DIRECTOR: Mike Mitchell

CAST: Chris Pratt, Elizabeth Banks, Tiffany Haddish, Will Arnett, Stephanie Beatriz, Charlie Day, Alison Brie, Nick Offerman, Maya Rudolph, Jadon Sand, Brooklynn Prince, Richard Ayoade, Channing Tatum, Jonah Hill, Cobie Smulders, Jason Momoa, Margot Robbie, Will Ferrell, Bruce Willis, Ben Schwartz, Ike Barinholtz, Ralph Fiennes, Will Forte, Jimmy O. Yang, Noel Fielding, Jorma Taccone, Gary Payton, Sheryl Swoopes, Todd Hansen, Doug Nicholas, Emily Nordwin

RUNNING TIME: 106 mins


BASICALLY…: Emmet (Pratt) must save his friends when they are taken across the stars to the Systar System…


Following The LEGO Movie – one of the biggest surprises to ever come out of commercialised product placement in movies ever – was always going to be a difficult, but not impossible, challenge. For one, Phil Lord and Christopher Miller declined to return as directors for this one – although they did remain as writers and producers – with Trolls filmmaker Mike Mitchell filling in that void, and the way that the first film ended, with the big revelation that [SPOILERS FOR THE FIRST MOVIE] it was all taking place in the imagination of a kid in the real world, left many wondering where this universe could go from there, especially with this bombshell that some would argue makes everything in the LEGO world utterly meaningless.

Luckily, The LEGO Movie 2 manages to hold itself up well enough to serve as a solid sequel that’s certainly entertaining and often very funny, even though it never manages to entirely reach the heights that its predecessor managed to do.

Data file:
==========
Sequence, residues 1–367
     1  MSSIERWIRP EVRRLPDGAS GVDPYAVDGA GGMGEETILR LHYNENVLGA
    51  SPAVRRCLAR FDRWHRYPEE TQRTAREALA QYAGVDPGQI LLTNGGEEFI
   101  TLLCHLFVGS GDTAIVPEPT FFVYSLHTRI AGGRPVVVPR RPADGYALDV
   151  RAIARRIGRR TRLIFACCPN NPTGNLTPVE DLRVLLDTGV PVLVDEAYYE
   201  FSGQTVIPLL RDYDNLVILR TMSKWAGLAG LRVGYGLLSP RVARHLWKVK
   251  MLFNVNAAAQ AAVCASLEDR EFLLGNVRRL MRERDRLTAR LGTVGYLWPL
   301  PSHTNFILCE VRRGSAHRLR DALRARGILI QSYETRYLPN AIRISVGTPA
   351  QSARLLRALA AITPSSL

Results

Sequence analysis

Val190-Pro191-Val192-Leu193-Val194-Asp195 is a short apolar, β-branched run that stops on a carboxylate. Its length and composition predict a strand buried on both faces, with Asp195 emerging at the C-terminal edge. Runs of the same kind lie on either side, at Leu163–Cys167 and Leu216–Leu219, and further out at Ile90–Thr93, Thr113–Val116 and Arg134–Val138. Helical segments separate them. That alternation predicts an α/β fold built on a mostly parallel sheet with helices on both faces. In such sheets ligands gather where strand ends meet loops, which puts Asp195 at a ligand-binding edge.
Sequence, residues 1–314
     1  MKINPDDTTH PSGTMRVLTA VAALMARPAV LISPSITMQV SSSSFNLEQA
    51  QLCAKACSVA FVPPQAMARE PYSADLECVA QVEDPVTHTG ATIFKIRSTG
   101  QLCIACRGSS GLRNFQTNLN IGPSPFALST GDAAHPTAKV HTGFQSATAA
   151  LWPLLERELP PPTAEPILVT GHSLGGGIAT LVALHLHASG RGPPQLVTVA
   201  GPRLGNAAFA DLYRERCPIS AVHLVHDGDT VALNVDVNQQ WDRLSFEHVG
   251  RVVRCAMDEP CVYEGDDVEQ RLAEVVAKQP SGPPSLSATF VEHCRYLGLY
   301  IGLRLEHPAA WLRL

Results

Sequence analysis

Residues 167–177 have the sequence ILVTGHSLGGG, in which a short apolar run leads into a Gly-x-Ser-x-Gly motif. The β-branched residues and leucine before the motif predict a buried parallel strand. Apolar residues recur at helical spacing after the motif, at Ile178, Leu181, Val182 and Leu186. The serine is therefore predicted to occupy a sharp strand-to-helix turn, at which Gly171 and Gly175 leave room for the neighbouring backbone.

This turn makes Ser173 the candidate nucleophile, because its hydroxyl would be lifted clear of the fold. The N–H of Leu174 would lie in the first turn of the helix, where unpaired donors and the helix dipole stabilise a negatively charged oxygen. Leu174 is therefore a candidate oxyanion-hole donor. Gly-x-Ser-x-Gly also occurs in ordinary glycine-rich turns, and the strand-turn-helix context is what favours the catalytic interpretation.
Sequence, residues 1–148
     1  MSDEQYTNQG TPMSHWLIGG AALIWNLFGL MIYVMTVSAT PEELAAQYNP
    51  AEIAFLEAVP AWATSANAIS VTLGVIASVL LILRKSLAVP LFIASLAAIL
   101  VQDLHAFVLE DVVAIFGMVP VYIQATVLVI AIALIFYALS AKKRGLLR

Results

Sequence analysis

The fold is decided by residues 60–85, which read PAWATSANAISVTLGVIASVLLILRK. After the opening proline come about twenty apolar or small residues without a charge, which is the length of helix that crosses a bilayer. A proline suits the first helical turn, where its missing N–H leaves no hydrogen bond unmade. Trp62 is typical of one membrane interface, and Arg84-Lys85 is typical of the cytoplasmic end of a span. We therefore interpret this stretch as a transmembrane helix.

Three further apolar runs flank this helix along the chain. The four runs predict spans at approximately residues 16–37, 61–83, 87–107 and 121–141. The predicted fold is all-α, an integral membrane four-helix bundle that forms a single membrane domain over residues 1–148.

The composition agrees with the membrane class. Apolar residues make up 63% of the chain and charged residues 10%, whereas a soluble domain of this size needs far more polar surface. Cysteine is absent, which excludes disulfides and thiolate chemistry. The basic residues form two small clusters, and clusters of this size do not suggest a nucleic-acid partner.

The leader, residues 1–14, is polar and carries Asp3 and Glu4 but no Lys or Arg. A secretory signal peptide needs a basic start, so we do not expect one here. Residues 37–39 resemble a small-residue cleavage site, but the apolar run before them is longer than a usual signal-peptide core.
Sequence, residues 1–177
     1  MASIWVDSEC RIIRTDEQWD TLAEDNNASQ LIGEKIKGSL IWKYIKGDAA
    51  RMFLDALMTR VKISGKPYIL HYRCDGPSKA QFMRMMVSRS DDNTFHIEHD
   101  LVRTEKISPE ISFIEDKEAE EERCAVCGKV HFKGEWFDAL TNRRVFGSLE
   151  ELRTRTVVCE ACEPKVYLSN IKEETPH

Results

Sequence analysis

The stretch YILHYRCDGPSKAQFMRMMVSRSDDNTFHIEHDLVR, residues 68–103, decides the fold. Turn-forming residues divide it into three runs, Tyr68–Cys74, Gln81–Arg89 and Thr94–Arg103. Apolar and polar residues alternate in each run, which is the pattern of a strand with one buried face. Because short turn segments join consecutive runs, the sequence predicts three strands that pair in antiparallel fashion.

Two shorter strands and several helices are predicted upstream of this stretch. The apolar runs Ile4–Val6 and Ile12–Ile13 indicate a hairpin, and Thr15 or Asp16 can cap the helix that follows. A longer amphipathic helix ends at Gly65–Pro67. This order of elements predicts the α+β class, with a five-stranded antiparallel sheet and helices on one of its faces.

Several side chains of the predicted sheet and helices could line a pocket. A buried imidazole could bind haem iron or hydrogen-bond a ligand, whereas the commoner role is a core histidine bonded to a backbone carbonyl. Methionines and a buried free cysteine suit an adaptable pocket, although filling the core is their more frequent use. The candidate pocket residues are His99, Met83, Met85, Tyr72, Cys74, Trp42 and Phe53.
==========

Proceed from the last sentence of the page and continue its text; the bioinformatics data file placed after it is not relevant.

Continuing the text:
Picking up immediately where the first movie ended, with an army of Duplo invaders arriving in the LEGO city of Bricksburg – symbolising how, in the real world, the younger sister of the main kid has begun to bring her own toys into the mix – things quickly begin to unravel, and five years later the citizens of the re-named Apocalypseburg are hardened and weary of the invaders’ constant destruction; that is, except for Emmet (Chris Pratt) who remains his upbeat and optimistic self even when everyone around him, including his girlfriend Lucy (Elizabeth Banks), is off brooding. However, when a spacecraft from the Systar System carrying the masked General Sweet Mayhem (Stephanie Beatriz) arrives and kidnaps Lucy, Batman (Will Arnett), Unikitty (Alison Brie) and others, taking them to the shape-shifting ruler Queen Whatevra Wa-Nabi (Tiffany Haddish), Emmet takes it upon himself to venture far out in to the cosmos to find them and prevent “Our-Mom-Ageddon” from happening, with the help of the super tough and manly Rex Dangervest (also Pratt) that he meets along the way.